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A Positive Change Between Generations

Photo by: iStock

The scenes from my childhood include dads sitting in a room in lazy boy chairs, with a newspaper in hand while watching the tv, and moms worked in the kitchen preparing dinner. In the 70’s and 80’s, I didn’t have personal relationships with adults. Back then, adults and children lived in two different realms. There was a perpetual solid boundary line which conveyed the message of separation. Parents remained behind the barriers of their own kid-free areas, while the kids were expected to occupy themselves away from them.

I have no memory of spending time with any of my friend’s parents, and I’m certain none of them had befriended mine. The only conversations I remember having with adults, usually began with, “Can I please… Mrs. Johnson,” and ended with a “Thank you for… Mrs. Johnson.” The interactions were short, awkward, intimidating and formal. I don’t recall ever having a full heart-to-heart conversation with an adult about personal thoughts or feelings. There seemed to be no interest or engagement on either side- that was simply the norm.

Perhaps I was raised in what some people deem ‘old-school conservative’ parenting, where there were no blurry lines of casual talks or group gatherings. And thank goodness growing up is so very different today.

As I get older and parent my own kids, I have become increasingly aware of the significance of those times. I’ve been reminded of this detached upbringing as I naturally continue to change the scenery with quite the opposite. I simply can’t have children around me without wanting to know them, interact with them, play with them, and engage with them in a variety of ways. Maybe it is my line of work, as a therapist, a teacher, or youth leader… but I would guess it isn’t just my profession. I see it everywhere now. In many homes.

These connections have changed the parenting landscape for the better.

Adults connect with kids all the time as families and friends come together for events and parties and activities. There is no concrete line marking the two territories. It’s a rather blurry, chaotic, beautiful mess. Play dates are integrated, as kids often feel completely comfortable hanging with the adults and vice versa. I see adults forming trusted relationships with other kids; I too have been able to open my home and my heart to kids who have crossed my path.

As kids get older, they may want their own time away from the adults. But the invitation seems to always be assumed. And the adults could stand to have some of their own time without kids too. It happens. But I still have older teens and twenty-somethings reaching out to connect with me for guidance, help or simply time together. It’s rather lovely.

Each year, I discover that I have purposefully broken that barrier and created an open door for many kids to step through to my side. I want my children, and their friends, to feel welcome to engage with me. I pray it continues.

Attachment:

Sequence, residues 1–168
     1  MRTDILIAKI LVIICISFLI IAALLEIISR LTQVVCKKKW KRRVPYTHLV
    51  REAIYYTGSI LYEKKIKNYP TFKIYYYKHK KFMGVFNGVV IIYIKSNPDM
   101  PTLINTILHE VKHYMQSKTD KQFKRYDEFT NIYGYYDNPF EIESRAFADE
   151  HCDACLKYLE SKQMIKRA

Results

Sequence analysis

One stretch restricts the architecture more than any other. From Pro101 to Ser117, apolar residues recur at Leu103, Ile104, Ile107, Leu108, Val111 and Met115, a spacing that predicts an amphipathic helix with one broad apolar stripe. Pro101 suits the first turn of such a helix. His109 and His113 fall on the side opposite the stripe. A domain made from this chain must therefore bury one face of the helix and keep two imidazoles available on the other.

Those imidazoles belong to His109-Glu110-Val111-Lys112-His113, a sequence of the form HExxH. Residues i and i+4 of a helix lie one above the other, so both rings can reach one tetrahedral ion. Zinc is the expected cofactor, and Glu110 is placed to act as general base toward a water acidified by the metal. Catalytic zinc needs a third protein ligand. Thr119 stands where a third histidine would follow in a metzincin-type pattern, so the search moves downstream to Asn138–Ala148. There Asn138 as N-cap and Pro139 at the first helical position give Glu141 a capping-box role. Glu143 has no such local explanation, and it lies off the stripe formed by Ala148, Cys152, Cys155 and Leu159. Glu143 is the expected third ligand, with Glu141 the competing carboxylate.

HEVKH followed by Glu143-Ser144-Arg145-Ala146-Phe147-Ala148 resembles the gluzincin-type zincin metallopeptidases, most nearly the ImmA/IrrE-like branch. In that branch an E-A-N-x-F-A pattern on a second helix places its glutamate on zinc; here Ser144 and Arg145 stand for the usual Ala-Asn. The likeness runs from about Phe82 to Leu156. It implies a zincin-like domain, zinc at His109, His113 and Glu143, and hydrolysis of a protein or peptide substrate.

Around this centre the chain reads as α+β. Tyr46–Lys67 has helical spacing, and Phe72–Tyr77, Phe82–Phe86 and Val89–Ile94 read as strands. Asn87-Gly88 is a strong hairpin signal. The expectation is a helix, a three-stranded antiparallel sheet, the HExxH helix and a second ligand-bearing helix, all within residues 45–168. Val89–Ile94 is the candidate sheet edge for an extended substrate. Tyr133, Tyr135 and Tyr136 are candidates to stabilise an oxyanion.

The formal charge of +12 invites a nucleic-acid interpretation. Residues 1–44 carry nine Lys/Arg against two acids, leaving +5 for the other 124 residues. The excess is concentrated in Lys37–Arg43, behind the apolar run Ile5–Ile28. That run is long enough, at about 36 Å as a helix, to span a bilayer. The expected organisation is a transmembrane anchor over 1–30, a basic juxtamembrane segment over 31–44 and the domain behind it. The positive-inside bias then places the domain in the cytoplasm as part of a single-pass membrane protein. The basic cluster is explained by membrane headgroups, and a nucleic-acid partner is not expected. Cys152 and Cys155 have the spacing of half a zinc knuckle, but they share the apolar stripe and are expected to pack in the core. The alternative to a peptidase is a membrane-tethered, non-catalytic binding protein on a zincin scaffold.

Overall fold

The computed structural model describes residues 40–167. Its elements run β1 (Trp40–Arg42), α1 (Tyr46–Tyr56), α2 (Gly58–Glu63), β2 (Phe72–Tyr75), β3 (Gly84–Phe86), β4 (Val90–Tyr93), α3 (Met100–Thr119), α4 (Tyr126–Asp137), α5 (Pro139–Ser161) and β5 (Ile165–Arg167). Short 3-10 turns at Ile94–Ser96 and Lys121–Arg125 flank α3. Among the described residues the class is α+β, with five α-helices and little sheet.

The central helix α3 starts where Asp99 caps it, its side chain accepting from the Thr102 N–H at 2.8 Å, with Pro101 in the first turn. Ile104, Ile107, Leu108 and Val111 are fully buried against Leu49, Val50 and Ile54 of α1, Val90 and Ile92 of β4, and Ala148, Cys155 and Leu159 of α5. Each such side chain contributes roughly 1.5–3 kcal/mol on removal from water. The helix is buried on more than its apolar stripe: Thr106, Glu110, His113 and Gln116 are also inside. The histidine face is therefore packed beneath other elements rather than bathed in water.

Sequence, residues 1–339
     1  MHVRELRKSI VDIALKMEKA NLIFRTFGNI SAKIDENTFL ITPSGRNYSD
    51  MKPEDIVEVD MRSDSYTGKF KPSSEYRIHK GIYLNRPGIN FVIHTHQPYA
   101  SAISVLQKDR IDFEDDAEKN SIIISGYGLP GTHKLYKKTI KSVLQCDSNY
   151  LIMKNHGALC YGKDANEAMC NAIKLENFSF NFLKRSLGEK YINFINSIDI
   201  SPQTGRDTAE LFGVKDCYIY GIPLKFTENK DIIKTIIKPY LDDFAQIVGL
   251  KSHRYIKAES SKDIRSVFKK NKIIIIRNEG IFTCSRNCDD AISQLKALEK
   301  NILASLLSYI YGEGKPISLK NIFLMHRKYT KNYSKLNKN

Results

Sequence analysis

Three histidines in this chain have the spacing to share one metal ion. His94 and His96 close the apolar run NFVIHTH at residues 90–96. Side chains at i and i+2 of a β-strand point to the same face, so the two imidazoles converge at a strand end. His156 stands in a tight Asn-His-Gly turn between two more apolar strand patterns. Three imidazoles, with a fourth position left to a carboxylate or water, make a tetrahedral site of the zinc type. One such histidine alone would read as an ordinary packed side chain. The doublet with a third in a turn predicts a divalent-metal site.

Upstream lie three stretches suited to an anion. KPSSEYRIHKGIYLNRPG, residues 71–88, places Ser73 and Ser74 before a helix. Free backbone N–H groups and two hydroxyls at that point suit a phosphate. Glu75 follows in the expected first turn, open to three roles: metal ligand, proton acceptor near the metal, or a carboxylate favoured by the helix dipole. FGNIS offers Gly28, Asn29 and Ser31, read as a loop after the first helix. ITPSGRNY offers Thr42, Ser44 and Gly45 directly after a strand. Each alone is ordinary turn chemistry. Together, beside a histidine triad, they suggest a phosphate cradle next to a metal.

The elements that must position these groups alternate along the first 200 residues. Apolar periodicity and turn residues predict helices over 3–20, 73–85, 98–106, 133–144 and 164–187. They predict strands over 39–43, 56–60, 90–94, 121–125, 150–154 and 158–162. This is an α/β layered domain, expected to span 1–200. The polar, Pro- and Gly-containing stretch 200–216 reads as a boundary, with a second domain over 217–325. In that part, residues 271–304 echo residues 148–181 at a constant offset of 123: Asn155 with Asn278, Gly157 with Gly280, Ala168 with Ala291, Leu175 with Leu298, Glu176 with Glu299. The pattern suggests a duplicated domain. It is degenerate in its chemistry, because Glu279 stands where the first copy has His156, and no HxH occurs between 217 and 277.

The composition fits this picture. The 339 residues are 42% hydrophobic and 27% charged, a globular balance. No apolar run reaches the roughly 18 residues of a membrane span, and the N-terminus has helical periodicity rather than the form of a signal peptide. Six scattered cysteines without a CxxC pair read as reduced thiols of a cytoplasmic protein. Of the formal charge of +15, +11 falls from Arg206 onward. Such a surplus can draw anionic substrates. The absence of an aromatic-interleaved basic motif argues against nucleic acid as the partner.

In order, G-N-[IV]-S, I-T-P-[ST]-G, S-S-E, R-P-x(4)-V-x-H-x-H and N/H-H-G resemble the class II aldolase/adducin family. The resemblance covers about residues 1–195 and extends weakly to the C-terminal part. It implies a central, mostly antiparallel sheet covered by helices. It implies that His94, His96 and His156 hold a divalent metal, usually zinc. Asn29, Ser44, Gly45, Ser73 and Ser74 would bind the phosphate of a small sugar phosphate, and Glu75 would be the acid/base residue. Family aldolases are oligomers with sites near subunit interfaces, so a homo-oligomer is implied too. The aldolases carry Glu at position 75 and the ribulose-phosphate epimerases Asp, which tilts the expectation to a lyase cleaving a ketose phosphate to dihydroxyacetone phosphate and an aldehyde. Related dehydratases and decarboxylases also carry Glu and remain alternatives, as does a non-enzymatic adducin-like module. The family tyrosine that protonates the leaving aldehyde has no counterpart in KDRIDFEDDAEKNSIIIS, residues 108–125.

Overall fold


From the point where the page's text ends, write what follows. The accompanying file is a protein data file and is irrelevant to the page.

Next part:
Cultivating this integration is critical for our children, for so many reasons.

The adults from my youth had no impact on me. I was never offered the opportunity to discover life lessons they could have taught me. My friends and I were on our own, and we could have used a fun and friendly adult to step in and guide us through those years. We had to answer our own questions about life and all the gory details. I wonder how differently it would have been if we had opened those borders?

As I listen to the personal stories of many kids and young adults in my life, I want to invite them into interactions that could help guide them toward creating their own path. Perhaps my history and my perspective can teach them a thing or two.

Surely, there are appropriate boundaries that must be considered in these adult-child relationships, and I have witnessed the pendulum swing a bit too far. There should be clear authority outlined within the engagement. The roles between adult and child are solidified in respect, but shouldn’t be bound in complete segregation. If we are careful to discern what we share, the adult-child communication can be quite beneficial for us all.

I have found great personal joy as well in allowing this boundary to break. Dance parties, talking about boyfriends/girlfriends, sorting through peer conflicts, navigating around hard choices and playing games with genuine laughter and excitement are the great opportunities our parents missed out on.

I’m sure they had their fun with their adult friends, and sometimes, that cocktail party without the kids under foot sounds heavenly.

But I’ll take the messy madness of it all any day.

Do you invite children into your world?

Chris Carter is a SAHM of two pretty amazing kids. She has been writing at for five years, where she hopes to encourage mothers everywhere through her humor, inspiration and faith. She is also a regular contributor for Huffington Post. You can also find her on Facebook and Twitter.

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